[nope, for those wondering, I still can’t answer ask box questions]
From the top down:
- izzyfig: I wish!…well, no, actually I’m not sure I really wish that. PhDs are a LOT of work. My mom has a PhD in microeconomics, and she didn’t finish that until I was almost 8 years old. She didn’t have me until after she got her masters degree, and didn’t take a break or anything, either. Long story short, no, I definitely do not have a PhD. I’m not even 25 yet! I’m hoping to eventually go back to school for a masters in some aspect of biotechnology or microbiology. Probably not a PhD, though.
- knowun: I’m not sure. Consistently-oceanic parts of tectonic plates are not conducive to fossil formation, and any fossils on the seafloor would have to be in areas that were once dry for a long enough period to have deeply-buried specimens, and I’m not really sure how much of our ocean meets anything close to that ideal condition. If you’re less picky and include lakes and inland seas, then the case is a LOT. Almost every lake or inland sea was once dry land. Any large non-glacial and non-volcanic lake almost certainly has *some* fossil specimens deep under its floor.
- johnlaughingalonewithyaoi: Done. Sort of. I’ll definitely return to the subject in the future.
- shroom-diabolique: Sure. Don’t eat them much, though. Plain crisps make my tongue swell up and hurt for some reason. I’m not sure why flavored ones don’t.
- desirescasualty: AOL Kids Only. 1994. I was so cool.
- inexplicablespaceship: Unfortunately, I haven’t been to a ton of museums, especially lately. I love the Chicago Museum of Science and Industry, and have learned tons every time I’ve been there. The Field Museum and Shedd Aquarium are pretty boss, too. I’m particular to the Science and Industry and Field Museums over the Shedd Aquarium, if only because of the much lower entrance fees and the fact that I learn a lot more there, but they’re all fun. From what I’ve heard from friends, the best aquarium to really *learn* at is Ripley’s Aquarium of the Smokies in Tennessee, and the best science museum (in the US) for the above-schoolchild age crowd is split between the Museum of Science and Industry in Chicago and the one in Oregon. Mind you, this is just my friends, not the general public, but there are great museums all over the world…you don’t need to be at the “best of the best” to learn new things and find great exhibits you would have never expected!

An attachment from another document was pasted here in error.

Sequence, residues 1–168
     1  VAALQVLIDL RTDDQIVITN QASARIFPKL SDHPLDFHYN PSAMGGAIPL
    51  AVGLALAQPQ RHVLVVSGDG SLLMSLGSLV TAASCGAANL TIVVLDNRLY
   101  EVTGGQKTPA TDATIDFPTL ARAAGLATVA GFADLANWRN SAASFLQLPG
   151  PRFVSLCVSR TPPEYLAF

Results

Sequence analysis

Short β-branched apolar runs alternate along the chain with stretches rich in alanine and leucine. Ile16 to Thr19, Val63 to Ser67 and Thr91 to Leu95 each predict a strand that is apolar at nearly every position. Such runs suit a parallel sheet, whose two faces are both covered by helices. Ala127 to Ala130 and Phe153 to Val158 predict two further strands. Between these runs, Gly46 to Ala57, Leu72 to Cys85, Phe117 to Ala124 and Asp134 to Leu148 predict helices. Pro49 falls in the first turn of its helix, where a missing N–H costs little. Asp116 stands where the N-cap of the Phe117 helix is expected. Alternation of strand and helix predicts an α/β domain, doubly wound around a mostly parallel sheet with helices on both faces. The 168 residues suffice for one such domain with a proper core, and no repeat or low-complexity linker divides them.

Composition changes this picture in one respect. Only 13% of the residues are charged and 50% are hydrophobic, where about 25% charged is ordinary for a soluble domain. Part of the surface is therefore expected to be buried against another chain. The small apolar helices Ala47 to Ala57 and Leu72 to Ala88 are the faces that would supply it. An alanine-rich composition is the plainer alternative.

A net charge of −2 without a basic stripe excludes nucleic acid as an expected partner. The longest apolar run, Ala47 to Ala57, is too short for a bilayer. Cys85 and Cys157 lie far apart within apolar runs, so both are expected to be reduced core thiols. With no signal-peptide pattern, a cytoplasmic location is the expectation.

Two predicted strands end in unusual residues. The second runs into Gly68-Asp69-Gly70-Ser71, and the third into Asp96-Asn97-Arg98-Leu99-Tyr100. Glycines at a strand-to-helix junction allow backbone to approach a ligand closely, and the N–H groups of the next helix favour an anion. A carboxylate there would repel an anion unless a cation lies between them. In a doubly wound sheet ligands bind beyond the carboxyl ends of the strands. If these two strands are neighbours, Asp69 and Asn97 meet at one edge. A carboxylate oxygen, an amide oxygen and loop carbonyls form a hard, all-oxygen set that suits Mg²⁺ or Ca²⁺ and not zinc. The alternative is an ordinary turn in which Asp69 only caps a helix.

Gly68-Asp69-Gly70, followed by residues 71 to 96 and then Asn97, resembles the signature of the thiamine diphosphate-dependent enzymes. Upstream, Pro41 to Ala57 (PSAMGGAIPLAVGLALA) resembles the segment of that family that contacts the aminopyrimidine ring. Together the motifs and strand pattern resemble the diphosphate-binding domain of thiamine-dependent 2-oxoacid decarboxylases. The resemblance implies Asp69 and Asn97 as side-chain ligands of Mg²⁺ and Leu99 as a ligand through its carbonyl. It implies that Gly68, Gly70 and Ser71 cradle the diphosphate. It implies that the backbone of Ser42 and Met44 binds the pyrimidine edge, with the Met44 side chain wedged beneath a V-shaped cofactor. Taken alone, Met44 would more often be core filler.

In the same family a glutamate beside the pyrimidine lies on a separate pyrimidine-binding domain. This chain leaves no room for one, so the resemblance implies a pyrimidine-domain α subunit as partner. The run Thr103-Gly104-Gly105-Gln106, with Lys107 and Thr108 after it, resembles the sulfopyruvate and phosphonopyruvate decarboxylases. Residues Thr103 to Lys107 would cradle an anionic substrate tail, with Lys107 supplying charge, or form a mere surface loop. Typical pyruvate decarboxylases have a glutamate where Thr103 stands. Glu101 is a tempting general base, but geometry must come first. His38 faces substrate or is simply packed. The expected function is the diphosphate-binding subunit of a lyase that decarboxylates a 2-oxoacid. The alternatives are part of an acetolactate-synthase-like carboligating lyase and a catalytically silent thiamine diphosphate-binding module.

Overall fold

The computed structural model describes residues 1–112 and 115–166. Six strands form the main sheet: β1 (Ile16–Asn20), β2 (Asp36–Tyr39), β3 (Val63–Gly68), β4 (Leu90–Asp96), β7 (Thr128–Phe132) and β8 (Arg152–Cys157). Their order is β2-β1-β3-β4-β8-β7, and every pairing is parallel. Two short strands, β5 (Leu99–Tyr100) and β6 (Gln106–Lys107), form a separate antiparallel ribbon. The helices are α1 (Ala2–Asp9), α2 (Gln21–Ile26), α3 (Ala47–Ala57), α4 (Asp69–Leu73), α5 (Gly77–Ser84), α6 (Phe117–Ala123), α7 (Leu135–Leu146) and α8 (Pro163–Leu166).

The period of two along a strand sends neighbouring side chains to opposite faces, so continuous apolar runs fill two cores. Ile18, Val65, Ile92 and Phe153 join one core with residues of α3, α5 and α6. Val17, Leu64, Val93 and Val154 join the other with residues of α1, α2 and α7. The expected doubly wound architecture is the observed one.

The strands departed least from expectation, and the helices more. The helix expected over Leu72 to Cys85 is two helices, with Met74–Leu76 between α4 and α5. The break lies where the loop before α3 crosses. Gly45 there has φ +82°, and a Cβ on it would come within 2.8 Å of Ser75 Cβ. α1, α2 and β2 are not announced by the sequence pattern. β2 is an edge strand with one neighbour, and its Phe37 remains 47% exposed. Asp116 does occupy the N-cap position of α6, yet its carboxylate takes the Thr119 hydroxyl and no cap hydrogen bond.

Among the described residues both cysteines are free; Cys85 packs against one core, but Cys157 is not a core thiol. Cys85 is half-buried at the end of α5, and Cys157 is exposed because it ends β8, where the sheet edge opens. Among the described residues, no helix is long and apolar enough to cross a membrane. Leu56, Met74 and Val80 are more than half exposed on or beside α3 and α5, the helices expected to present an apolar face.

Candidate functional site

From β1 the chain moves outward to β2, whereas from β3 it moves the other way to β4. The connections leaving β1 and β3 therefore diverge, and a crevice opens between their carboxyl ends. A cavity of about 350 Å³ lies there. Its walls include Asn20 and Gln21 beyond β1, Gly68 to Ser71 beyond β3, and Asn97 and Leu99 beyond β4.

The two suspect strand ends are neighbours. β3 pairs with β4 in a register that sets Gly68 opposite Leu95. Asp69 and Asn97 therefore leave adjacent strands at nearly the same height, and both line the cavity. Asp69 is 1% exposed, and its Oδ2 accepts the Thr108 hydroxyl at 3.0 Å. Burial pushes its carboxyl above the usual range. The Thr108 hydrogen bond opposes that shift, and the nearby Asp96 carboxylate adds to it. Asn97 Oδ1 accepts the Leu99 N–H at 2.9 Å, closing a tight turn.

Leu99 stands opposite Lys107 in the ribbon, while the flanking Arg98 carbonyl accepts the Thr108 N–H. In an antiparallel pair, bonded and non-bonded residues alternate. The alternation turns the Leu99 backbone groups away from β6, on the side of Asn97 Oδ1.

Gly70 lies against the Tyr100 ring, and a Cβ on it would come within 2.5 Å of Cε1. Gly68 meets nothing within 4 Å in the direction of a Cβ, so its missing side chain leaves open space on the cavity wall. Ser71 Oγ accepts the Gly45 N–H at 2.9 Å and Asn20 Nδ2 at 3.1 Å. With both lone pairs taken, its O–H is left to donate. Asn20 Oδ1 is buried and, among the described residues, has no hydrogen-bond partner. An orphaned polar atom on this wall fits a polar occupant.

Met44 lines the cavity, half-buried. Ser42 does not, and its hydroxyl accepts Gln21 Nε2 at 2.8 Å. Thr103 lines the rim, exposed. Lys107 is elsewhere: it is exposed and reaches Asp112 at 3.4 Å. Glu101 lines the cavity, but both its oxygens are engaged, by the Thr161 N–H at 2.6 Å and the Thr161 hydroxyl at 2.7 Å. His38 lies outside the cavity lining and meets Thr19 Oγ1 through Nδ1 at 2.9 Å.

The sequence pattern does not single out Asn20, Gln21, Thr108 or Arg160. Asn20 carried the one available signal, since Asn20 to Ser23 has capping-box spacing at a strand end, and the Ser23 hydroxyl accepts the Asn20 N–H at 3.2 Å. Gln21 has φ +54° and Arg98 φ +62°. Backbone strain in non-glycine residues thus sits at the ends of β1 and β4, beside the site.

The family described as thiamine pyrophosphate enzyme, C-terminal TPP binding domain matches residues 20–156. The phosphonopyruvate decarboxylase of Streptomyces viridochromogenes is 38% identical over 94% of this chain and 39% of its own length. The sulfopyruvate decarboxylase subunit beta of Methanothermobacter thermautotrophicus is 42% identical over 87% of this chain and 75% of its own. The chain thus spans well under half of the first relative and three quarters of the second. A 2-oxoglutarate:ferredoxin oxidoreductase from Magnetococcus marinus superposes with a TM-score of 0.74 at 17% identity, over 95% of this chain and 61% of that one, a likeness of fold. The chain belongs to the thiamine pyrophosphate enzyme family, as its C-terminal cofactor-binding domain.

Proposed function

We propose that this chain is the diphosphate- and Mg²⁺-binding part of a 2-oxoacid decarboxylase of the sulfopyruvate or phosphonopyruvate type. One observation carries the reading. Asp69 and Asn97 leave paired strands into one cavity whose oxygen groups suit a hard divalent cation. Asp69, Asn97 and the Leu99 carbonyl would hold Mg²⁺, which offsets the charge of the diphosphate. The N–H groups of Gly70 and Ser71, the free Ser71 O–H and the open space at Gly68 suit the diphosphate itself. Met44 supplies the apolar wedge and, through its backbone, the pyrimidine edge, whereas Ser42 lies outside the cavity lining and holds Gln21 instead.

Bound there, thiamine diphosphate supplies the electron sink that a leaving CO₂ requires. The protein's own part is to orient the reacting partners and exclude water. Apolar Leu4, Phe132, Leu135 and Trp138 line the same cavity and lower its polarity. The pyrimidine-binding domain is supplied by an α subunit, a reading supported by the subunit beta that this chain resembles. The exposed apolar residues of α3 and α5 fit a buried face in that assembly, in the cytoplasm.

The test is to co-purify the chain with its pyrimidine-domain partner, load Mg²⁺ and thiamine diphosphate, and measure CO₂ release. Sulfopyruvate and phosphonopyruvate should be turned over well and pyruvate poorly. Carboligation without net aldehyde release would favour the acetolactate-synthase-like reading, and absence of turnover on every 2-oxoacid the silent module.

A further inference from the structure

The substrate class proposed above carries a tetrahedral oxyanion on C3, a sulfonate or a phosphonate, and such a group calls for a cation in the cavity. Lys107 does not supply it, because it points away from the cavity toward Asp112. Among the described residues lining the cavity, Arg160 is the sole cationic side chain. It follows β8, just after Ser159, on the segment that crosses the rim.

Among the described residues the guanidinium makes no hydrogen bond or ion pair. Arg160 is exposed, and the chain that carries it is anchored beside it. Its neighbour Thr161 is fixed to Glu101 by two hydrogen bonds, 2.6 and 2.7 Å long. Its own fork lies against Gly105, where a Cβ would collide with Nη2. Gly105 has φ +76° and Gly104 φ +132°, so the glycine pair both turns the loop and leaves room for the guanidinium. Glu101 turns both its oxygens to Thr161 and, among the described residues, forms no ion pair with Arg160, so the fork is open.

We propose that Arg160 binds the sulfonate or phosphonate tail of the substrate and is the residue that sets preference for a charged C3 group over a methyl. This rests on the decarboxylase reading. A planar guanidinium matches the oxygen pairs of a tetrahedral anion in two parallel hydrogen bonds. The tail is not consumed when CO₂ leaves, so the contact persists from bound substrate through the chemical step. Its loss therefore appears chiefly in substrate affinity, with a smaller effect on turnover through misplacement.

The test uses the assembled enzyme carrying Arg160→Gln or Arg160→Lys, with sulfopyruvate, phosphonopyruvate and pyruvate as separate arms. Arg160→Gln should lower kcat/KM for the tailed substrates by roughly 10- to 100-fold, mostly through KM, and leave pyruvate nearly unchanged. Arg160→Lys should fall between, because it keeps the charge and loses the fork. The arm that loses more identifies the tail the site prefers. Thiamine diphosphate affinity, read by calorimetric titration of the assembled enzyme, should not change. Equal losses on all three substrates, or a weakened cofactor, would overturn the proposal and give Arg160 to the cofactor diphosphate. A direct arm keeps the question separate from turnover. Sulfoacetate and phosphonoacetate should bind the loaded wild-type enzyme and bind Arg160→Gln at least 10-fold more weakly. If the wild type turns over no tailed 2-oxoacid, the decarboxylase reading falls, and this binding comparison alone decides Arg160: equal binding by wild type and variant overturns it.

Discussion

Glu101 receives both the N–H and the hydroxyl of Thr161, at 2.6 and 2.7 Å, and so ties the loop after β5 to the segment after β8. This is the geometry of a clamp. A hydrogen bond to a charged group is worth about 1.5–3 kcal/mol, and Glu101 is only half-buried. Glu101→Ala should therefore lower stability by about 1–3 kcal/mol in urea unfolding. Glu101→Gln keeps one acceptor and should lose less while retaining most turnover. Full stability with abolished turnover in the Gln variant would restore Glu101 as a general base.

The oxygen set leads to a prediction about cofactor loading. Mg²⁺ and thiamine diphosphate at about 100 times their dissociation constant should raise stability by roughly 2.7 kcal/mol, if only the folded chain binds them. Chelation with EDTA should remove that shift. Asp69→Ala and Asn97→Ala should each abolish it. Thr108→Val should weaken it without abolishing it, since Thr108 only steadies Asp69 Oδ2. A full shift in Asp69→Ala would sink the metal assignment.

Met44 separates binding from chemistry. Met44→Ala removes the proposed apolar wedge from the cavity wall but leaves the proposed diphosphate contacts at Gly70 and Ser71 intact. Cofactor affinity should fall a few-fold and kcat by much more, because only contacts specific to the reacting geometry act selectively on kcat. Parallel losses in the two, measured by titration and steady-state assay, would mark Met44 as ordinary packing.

- paintedgraves: I’ll be honest, my attention has been largely diverted to personal matters, politics, and work lately. I don’t really remember what the last thing I got so interested in that I stayed up all night reading about it, which is a bit sad…I used to do that all the time. I’ve been very interested in the science of emotions (especially the neurology of those who seek horror and the like), but that’s not exactly breaking news. The only recent science story that’s grabbed my attention for a significant period has been the new study published on color perception (decent breakdown of the study), and how it differs from person-to-person.
- carathebug: [second part answered previously] no, I don’t have a big collection of biomed stuff, myself. I’m always a bit extremely broke, thanks to not having a “real” job yet, and wanting to pay back my loans quickly. Either way, I’d be more inclined to collect natural history ephemera (I love love love well-presented specimens and gardens in glass baubles/cases/containers), and old adverts/postcards regarding medicine, than biomed items themselves. :D
- marisalorea: I’m not sure how much I really want to make a point of putting this out there now that my parents know of this blog, but my personal blog is ofpaperandponies.tumblr.com. Short version: Mid-20s female, generally stressed out but complacent with it, non-religious, semi-political, in a fairly long-term (does 7 years count as long-term?) with a guy whose ambition is to teach seventh-grade (12-13 year old kids) social studies (aka an insane person). Two cats. Pretty weird, myself, sometimes very sarcastic. I love animals, craft a lot when I have actual free time, and am pretty solidly into games (both video and tabletop).
- lokithefulltiltgodofdiva: I can’t go into “fake diseases” or “fake cures” of the modern age without going into a seething rage due to the idiocy >_> But! 1870-1906 is what I see as the “golden age” of Quackery and Bullshit. We were just discovering electricity, radiation, and tons of chemicals. And naturally people exploited the fact that we didn’t *really* understand these new discoveries by saying it cured everything. And I have some posts on it already, but just like medieval medicine, I’ll definitely return to it again soon.